DAMP-induced AKI

Another consequence of the hemodynamic alterations is the effect of reduced tissue perfusion in remote organs (eg, muscle). Various molecules are released during ischemia–reperfusion, including myoglobin, uric acid, and High-Mobility-Group-Protein B1 (HMGB1). These molecules are in a class of DAMPs that can signal through pattern recognition receptors including Toll-like receptors such as Toll-like receptor 4.[37] Tissue injury because of trauma or surgery itself can also release DAMPs into the circulation. Indeed, even mild ischemia–reperfusion of the arm can illicit the release of HMGB1 into the circulation with the triggering of a stress response in the kidney.[40] Cardiac surgery is associated with AKI, and efforts such as avoiding cardiopulmonary bypass appear to reduce the risk of AKI. In a trial of nearly 3000 patients, cardiac surgery "off-pump" reduced the risk of AKI (17.5% vs 20.8%; relative risk, 0.83; 95% confidence interval [CI], 0.72–0.97; P = .01) compared to standard technique using cardiopulmonary bypass.[41] In addition to the hemodynamic effects of cardiopulmonary bypass, there is often hemolysis, and plasma-free hemoglobin can also function as a DAMP.

Inflammation

Surgery and the healing process that follows is a well-known cause of inflammation. Inflammatory mediators such as tumor necrosis factor-α as well as activation of circulating immune effector cells can injure the kidney. Cardiopulmonary bypass also induces inflammation. Sepsis produces profound systemic inflammation and is also associated with the release of pathogen-associated molecular patterns that signal through some of the same receptors.[37]

Nephrotoxic AKI

Nephrotoxic AKI is a particularly prevalent condition in this population, and it appears quite amenable to practice change.[42] Goldstein[43] at Cincinnati Children's Hospital has spearheaded efforts to reduce nephrotoxicity by identifying patients electronically. Antibiotics can be nephrotoxic in both direct (eg, aminoglycosides) and indirect ways. Allergic interstitial nephritis, for example, may occur even in patients who do not manifest other signs of allergy. Antibiotics also kill bacteria, and some release more bacterial cell products (eg, endotoxin) into the circulation than others. These pathogen-associated molecular patterns can then directly injure the kidney or contribute to systemic inflammation.[44] Certain fluids may also contribute to AKI.[45,46] Hydroxyethyl starch has been linked to AKI and decreased survival in patients with severe sepsis.[45] Although these results were not confirmed in a larger trial,[47] the exposure was less, and there was still some evidence of renal toxicity, albeit only in the rates of acute RRT. Saline increases rates of major adverse kidney events (death, dialysis, or persistent renal dysfunction) in both critically ill and noncritically ill patients.[48,49]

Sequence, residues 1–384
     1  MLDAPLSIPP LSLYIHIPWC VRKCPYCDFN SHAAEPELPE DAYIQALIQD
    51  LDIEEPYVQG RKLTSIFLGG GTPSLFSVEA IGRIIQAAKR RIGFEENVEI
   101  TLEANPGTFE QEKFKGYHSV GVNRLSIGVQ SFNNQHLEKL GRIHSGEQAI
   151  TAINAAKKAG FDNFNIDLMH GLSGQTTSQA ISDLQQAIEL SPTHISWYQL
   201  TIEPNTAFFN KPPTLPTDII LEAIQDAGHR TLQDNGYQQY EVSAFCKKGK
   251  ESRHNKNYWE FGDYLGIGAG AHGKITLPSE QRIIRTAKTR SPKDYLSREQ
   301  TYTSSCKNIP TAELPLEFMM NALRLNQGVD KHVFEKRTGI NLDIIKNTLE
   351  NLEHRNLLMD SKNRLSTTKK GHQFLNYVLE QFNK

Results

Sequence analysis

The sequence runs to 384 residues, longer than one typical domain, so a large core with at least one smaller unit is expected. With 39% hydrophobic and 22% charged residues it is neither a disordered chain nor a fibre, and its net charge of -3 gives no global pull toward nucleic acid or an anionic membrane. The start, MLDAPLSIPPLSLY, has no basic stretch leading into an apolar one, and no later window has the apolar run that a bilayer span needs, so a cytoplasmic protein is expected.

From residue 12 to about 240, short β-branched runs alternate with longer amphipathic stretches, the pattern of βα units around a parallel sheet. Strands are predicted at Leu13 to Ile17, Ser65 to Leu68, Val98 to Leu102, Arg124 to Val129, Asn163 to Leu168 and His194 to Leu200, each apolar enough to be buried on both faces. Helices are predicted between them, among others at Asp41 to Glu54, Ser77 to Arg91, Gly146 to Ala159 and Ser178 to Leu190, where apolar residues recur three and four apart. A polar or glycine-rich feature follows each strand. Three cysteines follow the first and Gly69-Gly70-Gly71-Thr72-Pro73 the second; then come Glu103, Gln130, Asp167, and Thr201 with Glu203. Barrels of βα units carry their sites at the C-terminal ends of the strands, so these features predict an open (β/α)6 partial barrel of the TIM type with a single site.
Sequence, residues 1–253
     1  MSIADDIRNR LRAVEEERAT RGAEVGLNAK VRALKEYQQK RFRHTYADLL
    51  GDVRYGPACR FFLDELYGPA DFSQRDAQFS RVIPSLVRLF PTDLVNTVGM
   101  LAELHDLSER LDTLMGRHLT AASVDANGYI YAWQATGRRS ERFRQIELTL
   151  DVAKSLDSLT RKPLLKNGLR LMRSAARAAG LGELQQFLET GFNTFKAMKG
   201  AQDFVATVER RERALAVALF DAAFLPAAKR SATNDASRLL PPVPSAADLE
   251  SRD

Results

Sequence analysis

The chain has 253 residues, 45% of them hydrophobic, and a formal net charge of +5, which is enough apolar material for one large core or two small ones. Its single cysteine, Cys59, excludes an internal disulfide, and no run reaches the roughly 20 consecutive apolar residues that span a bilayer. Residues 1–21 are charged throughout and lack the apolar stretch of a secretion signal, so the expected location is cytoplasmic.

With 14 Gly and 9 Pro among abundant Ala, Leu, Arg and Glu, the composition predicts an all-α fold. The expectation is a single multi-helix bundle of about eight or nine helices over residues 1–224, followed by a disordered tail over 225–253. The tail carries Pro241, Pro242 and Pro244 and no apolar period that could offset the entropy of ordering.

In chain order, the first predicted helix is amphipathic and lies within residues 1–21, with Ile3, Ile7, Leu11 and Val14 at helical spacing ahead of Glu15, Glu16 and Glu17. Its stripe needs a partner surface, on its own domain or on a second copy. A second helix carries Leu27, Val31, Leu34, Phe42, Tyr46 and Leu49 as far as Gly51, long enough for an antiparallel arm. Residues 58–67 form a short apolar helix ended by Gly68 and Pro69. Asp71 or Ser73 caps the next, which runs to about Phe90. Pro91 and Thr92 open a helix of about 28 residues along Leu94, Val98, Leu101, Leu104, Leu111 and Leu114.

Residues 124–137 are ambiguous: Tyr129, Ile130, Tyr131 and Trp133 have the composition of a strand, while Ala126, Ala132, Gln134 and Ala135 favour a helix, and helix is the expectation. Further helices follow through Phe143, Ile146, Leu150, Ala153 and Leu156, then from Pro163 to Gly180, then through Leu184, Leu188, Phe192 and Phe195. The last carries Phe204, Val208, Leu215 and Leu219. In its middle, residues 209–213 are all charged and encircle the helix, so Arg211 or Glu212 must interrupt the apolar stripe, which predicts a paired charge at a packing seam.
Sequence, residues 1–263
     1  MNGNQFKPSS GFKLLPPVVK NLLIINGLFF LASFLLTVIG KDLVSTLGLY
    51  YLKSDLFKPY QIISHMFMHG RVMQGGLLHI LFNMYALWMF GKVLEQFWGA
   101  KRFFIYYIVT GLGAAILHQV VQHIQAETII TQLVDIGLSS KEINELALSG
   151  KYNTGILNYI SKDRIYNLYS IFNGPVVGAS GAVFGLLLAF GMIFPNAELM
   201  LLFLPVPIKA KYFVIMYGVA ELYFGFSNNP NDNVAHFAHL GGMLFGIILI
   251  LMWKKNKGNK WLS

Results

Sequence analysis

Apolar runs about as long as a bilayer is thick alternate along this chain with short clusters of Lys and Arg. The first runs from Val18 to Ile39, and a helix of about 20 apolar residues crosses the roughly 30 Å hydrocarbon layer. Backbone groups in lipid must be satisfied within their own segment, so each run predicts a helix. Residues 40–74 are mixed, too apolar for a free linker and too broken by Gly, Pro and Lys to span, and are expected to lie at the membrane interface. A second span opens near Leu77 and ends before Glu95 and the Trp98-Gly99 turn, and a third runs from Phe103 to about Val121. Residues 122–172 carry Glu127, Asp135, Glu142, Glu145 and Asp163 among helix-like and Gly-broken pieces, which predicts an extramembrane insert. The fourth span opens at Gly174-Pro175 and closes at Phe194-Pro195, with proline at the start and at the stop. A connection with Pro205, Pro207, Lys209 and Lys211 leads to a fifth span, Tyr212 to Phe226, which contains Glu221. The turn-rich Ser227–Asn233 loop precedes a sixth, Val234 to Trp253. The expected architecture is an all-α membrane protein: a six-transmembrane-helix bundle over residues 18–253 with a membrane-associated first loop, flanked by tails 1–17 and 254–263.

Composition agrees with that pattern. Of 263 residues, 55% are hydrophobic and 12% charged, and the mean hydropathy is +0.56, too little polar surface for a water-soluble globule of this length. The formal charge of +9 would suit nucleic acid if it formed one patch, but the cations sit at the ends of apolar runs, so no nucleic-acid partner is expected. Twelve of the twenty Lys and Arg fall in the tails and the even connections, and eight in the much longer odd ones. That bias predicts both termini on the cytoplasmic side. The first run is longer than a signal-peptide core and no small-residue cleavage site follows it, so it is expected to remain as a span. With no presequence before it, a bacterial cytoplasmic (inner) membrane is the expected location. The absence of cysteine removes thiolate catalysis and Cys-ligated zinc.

Urinary Tract Obstruction

Colorectal, urological, and gynecological surgery are often associated with urinary retention, although normally not complete obstruction. Drug-associated urinary retention is also a risk. Injury to the ureters is always a potential complication, and unilateral injury can be easily missed. Malfunctioning or misplacement of the Foley catheter or clogging of the catheter can also result in obstruction.